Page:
The question is far from finally settled, though. I have a long way to go yet, and I am getting increasingly homesick for my family, my friends, and my hometown (Denver). My health continues to be an issue. Thankfully, I don’t have any cognitive impairment from cancer treatment, but Stage IV cancer is “treatable but not curable.” I still have cancer. I still have to get infusions every three weeks and swallow 6 big pink pills a day every other week. My cancer is “stable” for now. No one can say how much longer that will last. I don’t think about cancer constantly anymore. But I never manage to get very far from it.

Last week I attended a meeting where a BU professor came to talk about getting books and articles published. He said anyone who wants a PhD should go ahead and do it. If nothing else, you get 100,000 words you wrote that will always be there. Looking at me, he said there’s no upper age limit for scholarly work. One of our professors is 75, and he has written 13 books, including a massive three-volume set that he started when he was 70. Writing is a way to make a permanent mark on the world. Whatever I write will still be speaking for me after I’m gone.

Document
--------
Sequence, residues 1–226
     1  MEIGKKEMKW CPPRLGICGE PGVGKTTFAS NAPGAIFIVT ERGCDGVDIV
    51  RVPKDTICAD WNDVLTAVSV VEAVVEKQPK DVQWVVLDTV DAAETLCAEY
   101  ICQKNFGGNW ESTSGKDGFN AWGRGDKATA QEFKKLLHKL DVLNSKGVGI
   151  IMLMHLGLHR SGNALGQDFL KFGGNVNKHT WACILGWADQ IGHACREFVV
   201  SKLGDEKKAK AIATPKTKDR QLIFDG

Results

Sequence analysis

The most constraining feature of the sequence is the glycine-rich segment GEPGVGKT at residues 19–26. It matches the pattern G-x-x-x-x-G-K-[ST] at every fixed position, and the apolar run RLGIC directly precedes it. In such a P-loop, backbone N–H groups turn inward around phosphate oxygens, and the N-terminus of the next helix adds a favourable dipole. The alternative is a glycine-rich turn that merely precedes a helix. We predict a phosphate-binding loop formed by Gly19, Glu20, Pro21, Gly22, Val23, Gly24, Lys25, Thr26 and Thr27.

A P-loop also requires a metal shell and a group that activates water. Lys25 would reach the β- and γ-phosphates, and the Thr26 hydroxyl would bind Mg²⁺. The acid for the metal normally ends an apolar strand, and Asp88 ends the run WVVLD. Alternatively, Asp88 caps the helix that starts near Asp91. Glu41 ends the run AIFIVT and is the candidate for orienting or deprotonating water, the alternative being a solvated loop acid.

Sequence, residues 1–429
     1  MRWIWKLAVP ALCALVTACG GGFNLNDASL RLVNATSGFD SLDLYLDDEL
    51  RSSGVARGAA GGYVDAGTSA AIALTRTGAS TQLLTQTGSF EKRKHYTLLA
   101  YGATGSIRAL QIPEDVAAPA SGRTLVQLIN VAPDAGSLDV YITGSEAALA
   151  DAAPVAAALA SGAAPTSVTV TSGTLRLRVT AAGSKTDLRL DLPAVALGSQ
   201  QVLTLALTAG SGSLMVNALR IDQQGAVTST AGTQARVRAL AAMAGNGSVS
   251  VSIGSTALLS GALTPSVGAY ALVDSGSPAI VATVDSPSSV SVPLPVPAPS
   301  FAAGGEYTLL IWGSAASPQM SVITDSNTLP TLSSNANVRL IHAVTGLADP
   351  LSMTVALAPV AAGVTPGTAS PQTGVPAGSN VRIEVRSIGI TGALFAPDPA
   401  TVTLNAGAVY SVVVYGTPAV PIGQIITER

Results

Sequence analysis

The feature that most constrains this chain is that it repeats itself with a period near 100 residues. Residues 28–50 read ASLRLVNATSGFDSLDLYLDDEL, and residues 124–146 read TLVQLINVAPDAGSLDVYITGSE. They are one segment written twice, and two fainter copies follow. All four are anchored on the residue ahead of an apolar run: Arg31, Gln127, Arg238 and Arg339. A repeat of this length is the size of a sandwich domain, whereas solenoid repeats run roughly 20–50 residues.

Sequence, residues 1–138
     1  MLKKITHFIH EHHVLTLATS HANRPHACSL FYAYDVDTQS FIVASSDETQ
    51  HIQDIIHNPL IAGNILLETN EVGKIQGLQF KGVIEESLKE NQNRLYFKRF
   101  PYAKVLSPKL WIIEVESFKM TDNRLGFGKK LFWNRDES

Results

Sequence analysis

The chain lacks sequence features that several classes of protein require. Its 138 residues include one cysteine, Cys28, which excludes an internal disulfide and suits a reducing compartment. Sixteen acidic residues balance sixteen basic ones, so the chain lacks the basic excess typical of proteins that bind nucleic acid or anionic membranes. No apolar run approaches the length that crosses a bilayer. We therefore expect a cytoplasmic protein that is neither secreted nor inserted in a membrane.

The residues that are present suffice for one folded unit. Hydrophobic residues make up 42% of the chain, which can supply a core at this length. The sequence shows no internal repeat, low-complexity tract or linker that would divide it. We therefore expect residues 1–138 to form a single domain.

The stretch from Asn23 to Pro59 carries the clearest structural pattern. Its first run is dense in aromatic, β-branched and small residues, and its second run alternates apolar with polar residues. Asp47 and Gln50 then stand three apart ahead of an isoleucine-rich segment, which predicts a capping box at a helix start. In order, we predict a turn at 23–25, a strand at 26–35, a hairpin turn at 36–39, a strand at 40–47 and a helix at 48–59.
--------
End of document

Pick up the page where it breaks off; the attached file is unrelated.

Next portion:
He was also enthusiastic about the job prospects for people with PhDs. Yes, good jobs in higher education are scarce, but, according to him, private business loves doctors of philosophy. I have heard doctoral studies likened to an extended hazing. The fact that you put in the time, made the effort, jumped over all the hurdles, and stuck with it sets you apart. And, especially with interdisciplinary work, it makes you uniquely able to address real-world problems. To get a doctorate, you have to learn how to write, think and analyze complex ideas. You learn to stand in front of audiences and speak, teach, persuade, and motivate others. These are eminently marketable skills. He told us about a colleague who quit his professor job and got a job with a consulting firm. He’s still writing and publishing academic work, as a sideline, while making vastly more money than BU pays its professors. Most of the other attendees were young people who had all been strongly discouraged from pursuing doctoral studies. There are very few tenure-track positions in academia, and adjunct professors work for less than minimum wage, with no benefits and no job security. They were thrilled to get some encouragement for a change.